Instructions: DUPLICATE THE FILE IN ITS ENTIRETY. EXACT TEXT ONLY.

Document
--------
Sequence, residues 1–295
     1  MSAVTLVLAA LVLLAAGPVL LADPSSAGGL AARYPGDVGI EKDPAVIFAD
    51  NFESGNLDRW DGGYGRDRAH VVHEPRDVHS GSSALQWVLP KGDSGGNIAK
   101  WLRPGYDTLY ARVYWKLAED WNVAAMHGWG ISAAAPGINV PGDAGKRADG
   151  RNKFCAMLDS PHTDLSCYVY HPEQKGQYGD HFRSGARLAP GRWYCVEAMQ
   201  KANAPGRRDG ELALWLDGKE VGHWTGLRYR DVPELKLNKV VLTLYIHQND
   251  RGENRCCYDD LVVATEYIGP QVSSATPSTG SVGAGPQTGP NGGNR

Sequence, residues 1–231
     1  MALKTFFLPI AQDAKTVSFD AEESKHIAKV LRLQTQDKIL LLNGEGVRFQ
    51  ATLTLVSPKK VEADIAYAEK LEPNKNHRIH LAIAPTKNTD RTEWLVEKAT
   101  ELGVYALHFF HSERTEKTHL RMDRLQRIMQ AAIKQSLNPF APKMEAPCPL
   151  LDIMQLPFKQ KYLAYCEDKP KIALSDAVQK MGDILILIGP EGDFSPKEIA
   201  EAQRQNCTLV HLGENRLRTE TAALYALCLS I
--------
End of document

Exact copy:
Sequence, residues 1–295
     1  MSAVTLVLAA LVLLAAGPVL LADPSSAGGL AARYPGDVGI EKDPAVIFAD
    51  NFESGNLDRW DGGYGRDRAH VVHEPRDVHS GSSALQWVLP KGDSGGNIAK
   101  WLRPGYDTLY ARVYWKLAED WNVAAMHGWG ISAAAPGINV PGDAGKRADG
   151  RNKFCAMLDS PHTDLSCYVY HPEQKGQYGD HFRSGARLAP GRWYCVEAMQ
   201  KANAPGRRDG ELALWLDGKE VGHWTGLRYR DVPELKLNKV VLTLYIHQND
   251  RGENRCCYDD LVVATEYIGP QVSSATPSTG SVGAGPQTGP NGGNR

Sequence, residues 1–231
     1  MALKTFFLPI AQDAKTVSFD AEESKHIAKV LRLQTQDKIL LLNGEGVRFQ
    51  ATLTLVSPKK VEADIAYAEK LEPNKNHRIH LAIAPTKNTD RTEWLVEKAT
   101  ELGVYALHFF HSERTEKTHL RMDRLQRIMQ AAIKQSLNPF APKMEAPCPL
   151  LDIMQLPFKQ KYLAYCEDKP KIALSDAVQK MGDILILIGP EGDFSPKEIA
   201  EAQRQNCTLV HLGENRLRTE TAALYALCLS I